1. Where the involvement of a parent in a child’s life would put the child or other parent at risk of suffering harm arising from domestic violence or abuse, the presumption in section 1(2A) of the Children Act 1989 shall not apply. The Family Court presumes that the involvement of a parent in a child’s life will further the child’s welfare, so long as the parent can be involved in a way that does not put the child or other parent at risk of suffering harm.

 

A footnote to this paragraph explains:

 

The statutory presumption in section 1(2A) CA 1989 applies ‘unless the contrary is shown. Where the involvement of a parent in a child’s life would put the child or other parent at risk of suffering harm, then it is suggested that the contrary would indeed be shown. Paragraph 4 has been re-worked in order to give prominence to the avoidance of risk of harm.

 

Thus it is proposed that a practice direction should put a gloss on the law not provided for by Parliament.

 

Practice direction and law

 

A practice direction can neither create nor change the law. In that sense it is not law. It is there to guide procedure. In Secretary of State for Communities and Local Government v Bovale Ltd and anor [2009] EWCA Civ 171, [2009] 1 WLR 2274  the Court of Appeal considered whether a judge could make a practice direction or issue practice guidance. They explained what a practice direction is – now issued by the President of the Family Division with approval of the Lord Chancellor (Courts Act 2003 s 82).

 

The particular significance of this is that if an abused parent or child goes to court thinking that the new practice direction protects them, they may find that a judge is persuaded by the other parent that it does not. The judge may take the view that a practice direction cannot tell a court to ignore the law (as the proposed new §4 seems to do). This similar, though in different scale, to the Supreme Court telling the Prime Minister that she could not ignore Parliament and must have a bill for UK to leave Europe.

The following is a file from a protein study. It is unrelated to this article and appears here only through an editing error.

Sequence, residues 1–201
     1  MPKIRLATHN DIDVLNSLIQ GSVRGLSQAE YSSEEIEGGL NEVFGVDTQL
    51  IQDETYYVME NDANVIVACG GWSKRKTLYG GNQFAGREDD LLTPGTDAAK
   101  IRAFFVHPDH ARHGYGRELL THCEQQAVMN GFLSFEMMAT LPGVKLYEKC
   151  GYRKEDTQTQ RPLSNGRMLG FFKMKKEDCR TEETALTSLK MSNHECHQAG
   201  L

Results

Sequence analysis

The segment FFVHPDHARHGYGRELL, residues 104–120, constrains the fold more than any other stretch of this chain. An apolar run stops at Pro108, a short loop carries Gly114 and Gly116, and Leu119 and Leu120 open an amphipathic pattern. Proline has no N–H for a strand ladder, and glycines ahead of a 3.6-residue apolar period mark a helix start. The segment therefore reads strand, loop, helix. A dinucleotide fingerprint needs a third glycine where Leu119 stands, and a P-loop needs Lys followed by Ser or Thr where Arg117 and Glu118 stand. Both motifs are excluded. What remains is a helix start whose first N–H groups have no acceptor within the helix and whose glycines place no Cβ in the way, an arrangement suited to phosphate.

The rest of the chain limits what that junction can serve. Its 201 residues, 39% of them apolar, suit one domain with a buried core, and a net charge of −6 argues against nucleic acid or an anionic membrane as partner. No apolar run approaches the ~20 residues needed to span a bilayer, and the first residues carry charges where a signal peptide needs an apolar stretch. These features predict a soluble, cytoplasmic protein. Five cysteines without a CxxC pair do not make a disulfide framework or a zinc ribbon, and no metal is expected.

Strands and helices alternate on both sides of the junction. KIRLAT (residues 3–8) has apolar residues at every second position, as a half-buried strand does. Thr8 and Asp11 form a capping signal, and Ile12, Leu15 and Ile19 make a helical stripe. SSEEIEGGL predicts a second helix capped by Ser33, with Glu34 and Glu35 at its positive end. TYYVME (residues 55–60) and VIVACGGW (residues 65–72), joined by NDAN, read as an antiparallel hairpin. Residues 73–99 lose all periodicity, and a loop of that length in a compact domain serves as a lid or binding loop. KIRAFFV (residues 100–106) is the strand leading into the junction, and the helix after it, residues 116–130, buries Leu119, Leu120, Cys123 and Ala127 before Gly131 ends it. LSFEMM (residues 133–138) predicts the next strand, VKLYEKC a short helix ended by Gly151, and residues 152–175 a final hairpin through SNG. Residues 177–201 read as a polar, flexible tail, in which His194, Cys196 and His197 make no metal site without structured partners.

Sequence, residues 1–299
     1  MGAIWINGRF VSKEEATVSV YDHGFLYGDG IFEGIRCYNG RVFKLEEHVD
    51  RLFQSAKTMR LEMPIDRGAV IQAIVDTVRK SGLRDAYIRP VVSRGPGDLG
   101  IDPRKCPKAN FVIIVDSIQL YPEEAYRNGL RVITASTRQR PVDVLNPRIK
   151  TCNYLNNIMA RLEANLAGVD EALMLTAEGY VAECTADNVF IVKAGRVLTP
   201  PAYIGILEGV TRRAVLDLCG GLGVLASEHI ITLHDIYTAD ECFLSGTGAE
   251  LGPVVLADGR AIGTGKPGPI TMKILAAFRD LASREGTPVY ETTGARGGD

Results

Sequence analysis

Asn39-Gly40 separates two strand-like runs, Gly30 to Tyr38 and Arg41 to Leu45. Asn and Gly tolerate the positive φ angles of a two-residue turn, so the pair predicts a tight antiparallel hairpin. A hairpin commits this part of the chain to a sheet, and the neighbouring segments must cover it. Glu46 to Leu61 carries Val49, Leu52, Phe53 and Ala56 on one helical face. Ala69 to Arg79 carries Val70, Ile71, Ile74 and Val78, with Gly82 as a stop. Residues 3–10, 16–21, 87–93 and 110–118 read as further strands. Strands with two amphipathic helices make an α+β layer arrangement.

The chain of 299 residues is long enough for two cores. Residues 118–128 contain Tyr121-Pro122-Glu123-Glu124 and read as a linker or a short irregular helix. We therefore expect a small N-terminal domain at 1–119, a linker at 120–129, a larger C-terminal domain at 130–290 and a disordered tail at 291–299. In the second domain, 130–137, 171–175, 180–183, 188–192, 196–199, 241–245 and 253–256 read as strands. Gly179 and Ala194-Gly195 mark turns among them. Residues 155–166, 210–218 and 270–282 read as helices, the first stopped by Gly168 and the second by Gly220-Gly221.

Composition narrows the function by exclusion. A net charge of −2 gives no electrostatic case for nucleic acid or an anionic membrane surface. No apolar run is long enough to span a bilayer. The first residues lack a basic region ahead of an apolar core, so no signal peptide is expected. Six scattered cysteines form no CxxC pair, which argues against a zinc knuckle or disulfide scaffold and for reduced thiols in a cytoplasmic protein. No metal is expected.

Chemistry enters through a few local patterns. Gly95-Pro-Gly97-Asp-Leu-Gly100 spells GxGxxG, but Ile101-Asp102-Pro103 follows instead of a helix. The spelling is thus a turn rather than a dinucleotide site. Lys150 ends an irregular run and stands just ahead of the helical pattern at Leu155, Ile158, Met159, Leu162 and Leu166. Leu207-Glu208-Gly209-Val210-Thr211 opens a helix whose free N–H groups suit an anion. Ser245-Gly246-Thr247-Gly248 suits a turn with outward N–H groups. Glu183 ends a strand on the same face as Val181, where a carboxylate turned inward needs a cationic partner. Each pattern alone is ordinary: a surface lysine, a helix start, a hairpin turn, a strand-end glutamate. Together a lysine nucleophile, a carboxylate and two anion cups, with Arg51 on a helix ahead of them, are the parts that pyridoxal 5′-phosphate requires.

Thus, in Bovale, the Court of Appeal assumed that the function of a practice direction was subsidiary to and supportive of a rule which already defined procedure:

 

[36] … We accept that one object of the practice directions which supplement the rules is to provide guidance to litigants but they also contain directions as to the procedure that should be followed.

 

Children must be protected, especially where the court has evidence of their harm; but if this is to be done by restrictions on or refusal of contact this affects the rights of a parent and of the child. It must be done in a way which complies with law and brings the law in a fait way within the terms of Art 24(3) of the Charter (above). If it is to be said that, as a matter of law, ‘the contrary is shown’ (per CA 1989 s 1(2A)) and that the ‘involvement of [a] parent in the life of the child concerned’ may inhibit a child’s welfare, a statutory presumption is overridden by a practice direction. Thus where – as in Re S violence may be proved against him (it has been proved against A’s mother) – then those allegations must be stated in an Act of Parliament as the basis for findings under s 1(6); and the problems of the parents (mostly women) and children affected must be given the dignity in statutory provision (which does not include a practice direction) which their difficulties demand.